This Japanese home is infused with 1960s optimism
Architect Naoki Terada’s private residence in Tokyo is an homage to the bright, 1960s vision of the future
Even before entering Japanese architect Naoki Terada’s private home in Tokyo’s primarily residential Suginami ward, you get the feeling that this Japanese house (and its owner) is something special. Staring at you next to the entrance is the oversized eye of an exact copy of the HAL 9000 interface from Stanley Kubrick’s 2001: A Space Odyssey. Terada’s HAL has been reprogrammed to function only as a benign video door phone, but the love of what the future looked like back in the late 1960s is evident throughout this Japanese home.
‘I love how people used to think of the future as something exciting to look forward to. These days, the future has a more bleak image, with climate change and other issues,’ Terada says.
The house is an homage to the bright colours and plastics of the 1950s and 1960s. Eero Saarinen’s 1956 ‘Tulip’ chairs and large marble table take centre stage in the first floor’s open space, which also has a multicoloured modular sofa that Terada designed for the house. A bright red Verner Panton ‘Living Tower’ from 1969 sits in front of a bright yellow wall on a protruding platform above the living quarters and, apparently, is a hit with Terada’s young daughter when she is reading or watching films.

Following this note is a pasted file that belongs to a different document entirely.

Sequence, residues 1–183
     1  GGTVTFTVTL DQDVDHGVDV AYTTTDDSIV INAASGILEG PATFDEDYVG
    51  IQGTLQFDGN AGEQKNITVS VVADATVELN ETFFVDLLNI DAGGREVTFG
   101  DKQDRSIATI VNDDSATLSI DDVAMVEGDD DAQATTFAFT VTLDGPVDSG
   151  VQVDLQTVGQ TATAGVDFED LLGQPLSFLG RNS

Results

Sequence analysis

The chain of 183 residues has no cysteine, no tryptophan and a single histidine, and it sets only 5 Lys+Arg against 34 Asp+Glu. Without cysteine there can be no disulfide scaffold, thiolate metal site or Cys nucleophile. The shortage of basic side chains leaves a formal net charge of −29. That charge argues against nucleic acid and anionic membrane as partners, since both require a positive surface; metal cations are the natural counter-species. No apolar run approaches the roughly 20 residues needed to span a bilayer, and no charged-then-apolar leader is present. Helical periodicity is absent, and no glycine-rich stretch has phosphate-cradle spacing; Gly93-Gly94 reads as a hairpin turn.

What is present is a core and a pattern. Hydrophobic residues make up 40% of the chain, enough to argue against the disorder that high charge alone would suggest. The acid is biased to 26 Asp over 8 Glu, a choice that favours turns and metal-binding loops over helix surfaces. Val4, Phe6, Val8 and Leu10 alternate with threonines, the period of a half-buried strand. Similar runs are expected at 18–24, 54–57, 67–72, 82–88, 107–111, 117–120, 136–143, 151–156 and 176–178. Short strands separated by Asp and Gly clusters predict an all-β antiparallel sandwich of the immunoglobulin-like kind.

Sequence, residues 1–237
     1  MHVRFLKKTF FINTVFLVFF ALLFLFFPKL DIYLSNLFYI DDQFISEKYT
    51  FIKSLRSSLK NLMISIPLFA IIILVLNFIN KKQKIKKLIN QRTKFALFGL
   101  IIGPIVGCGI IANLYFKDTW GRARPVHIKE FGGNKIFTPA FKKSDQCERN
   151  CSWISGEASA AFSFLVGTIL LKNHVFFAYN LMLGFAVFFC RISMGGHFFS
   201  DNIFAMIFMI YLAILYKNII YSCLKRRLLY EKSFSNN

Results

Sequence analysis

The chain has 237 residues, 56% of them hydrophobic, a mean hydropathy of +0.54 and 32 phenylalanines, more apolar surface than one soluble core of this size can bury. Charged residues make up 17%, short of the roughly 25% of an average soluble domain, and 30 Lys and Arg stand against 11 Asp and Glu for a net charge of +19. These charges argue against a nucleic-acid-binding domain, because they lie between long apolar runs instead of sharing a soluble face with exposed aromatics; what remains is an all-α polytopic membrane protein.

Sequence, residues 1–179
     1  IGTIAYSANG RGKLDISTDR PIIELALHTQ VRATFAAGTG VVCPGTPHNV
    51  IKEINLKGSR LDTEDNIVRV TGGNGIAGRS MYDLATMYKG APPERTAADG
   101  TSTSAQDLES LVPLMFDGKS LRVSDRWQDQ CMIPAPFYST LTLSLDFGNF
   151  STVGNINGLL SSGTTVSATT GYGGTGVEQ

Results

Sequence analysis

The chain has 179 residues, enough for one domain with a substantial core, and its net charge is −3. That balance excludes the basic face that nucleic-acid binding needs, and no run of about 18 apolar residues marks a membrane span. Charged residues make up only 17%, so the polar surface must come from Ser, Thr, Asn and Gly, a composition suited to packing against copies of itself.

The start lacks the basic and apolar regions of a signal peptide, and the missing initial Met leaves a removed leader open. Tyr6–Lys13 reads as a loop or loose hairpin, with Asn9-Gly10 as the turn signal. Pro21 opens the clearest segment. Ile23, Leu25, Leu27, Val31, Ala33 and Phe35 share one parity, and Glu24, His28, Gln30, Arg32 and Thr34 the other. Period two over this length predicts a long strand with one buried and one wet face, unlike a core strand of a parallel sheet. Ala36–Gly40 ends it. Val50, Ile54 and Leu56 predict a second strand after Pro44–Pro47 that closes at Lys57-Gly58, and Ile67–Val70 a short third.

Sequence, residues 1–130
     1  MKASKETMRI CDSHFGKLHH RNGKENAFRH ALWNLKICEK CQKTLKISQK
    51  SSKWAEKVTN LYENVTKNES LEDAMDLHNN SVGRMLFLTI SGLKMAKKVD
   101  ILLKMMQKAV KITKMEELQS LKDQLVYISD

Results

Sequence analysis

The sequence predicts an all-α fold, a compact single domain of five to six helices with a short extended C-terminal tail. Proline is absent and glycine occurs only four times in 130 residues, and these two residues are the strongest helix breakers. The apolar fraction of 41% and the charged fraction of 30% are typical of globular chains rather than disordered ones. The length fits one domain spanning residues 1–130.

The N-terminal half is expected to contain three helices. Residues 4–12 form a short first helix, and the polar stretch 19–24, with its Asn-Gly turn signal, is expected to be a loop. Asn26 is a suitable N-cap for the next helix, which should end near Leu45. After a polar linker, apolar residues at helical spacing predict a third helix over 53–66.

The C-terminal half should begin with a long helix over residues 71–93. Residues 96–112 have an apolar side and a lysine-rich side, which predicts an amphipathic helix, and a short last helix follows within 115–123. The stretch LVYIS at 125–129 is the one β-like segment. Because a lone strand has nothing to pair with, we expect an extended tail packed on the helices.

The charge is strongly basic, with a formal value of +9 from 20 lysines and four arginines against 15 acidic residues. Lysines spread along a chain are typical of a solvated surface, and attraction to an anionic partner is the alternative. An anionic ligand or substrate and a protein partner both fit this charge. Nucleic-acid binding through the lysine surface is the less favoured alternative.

USM modules are use throughout this Japanese home, for storage and as room dividers. Designer classics such as a bright red Olivetti typewriter and a grey Ericofon phone complete the decoration, and Terada’s keen eye and immaculate taste make it all work without becoming kitsch.
‘I wanted to build a house where you would feel happy. For me that’s more important than being able to relax,’ the architect adds. With its bright colour scheme, a prominent slanted wall, and sliding doors throughout the building, along with the carefully selected and placed furniture classics, this house is sure to put anyone lucky enough to visit in a good mood. §